Ford announced this morning that CEO Alan Mulally is staying on through at least the end of 2014. It promoted Mark Fields to chief operating officer, a scoop that Bloomberg got a few months back. A bunch of other guys at Ford received promotions, including Jim Farley, now the global marketing boss, who also gets a bonus: Lincoln.
Mulally came to Ford six years ago from Boeing, and he seemed kind of alarmed this summer when rumors went around that he might be on the way out. He's 67, so the extension means he'll be around through his 69th birthday. That's fine with Ford Chairman Bill Ford. "I've never enjoyed working with anyone so much. I'd like him to stay around forever," Ford said at a news briefing.
In another era, Mulally would have been required to retire at 65, but given how vigorous he is and how long people are now working all across the economy (not to mention federal labor laws), there's no reason to think he can't be in charge at Ford until he's 70. After all, the Detroit Tigers are keeping Jim Leyland another year.
Fields is getting major day-to-day operating responsibilities, which includes all of Ford's automotive business. That means he'll be overseeing the turnaround at Ford's European business, which is on track to lose $1.5 billion. He's also going to oversee Ford's weekly Thursday management meeting, which might not mean much outside Ford but has great meaning inside the company as a place where key decisions get kicked around.
Essentially, it's Fields' audition to replace Mulally as CEO, which is by no means certain. As Bill Ford said, "Don't read anything beyond this." Although he thinks the next CEO will come from inside, Ford pointed out that it's his responsibility to look at talent from within Ford and outside the company, too. But Ford made an interesting comment about company culture. "Nobody wants to go back to the days of back biting and empire building," he said, which seems aimed at all those executives who Ford has said wouldn't let him take the steps he wanted when he was CEO.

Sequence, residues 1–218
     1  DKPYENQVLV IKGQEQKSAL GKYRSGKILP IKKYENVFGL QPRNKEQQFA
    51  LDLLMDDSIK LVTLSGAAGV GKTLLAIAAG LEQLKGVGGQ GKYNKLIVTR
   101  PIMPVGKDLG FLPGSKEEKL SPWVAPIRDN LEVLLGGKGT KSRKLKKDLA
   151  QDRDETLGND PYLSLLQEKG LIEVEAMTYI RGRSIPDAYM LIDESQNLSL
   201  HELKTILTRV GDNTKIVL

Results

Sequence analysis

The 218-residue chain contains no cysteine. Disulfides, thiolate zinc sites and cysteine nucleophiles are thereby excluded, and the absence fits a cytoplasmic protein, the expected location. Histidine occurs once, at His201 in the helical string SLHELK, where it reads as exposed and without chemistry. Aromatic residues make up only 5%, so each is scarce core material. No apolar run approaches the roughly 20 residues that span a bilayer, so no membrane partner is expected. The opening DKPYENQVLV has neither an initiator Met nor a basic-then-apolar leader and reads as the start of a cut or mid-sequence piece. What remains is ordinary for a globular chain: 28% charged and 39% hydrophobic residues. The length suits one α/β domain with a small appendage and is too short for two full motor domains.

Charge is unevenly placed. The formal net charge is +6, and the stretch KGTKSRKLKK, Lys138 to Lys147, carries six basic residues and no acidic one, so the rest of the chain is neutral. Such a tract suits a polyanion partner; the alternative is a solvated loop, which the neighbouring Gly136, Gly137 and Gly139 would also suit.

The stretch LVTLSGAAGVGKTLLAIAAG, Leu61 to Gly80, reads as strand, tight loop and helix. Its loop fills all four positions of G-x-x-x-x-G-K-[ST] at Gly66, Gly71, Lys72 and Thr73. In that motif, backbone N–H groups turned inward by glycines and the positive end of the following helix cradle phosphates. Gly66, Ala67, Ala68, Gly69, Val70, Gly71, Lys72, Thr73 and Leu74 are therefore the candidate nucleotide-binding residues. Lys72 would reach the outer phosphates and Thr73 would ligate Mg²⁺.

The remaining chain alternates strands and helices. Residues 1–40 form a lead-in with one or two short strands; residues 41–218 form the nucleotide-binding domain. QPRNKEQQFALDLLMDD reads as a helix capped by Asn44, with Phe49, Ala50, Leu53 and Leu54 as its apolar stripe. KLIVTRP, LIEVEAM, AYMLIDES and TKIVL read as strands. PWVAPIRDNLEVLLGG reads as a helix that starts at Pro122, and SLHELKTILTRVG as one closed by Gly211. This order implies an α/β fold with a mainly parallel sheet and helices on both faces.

Sadly, the announcement makes clear that Detroit, or at least Ford, is still a treehouse. All seven of the executives involved in the promotions announcement are men, and a look around Ford's top corporate leadership shows only one woman with a senior title, and she wasn't mentioned today. At least at General Motors, Mary Barra is on the lists of potential CEOs, although you'd have to think Steve Girsky considers himself first in line. You might say this doesn't matter, and that there are now lots of women in important jobs across the industry. But when companies claim diversity is a priority and then hands out the first class tickets only to the guys, the women who work at those places notice.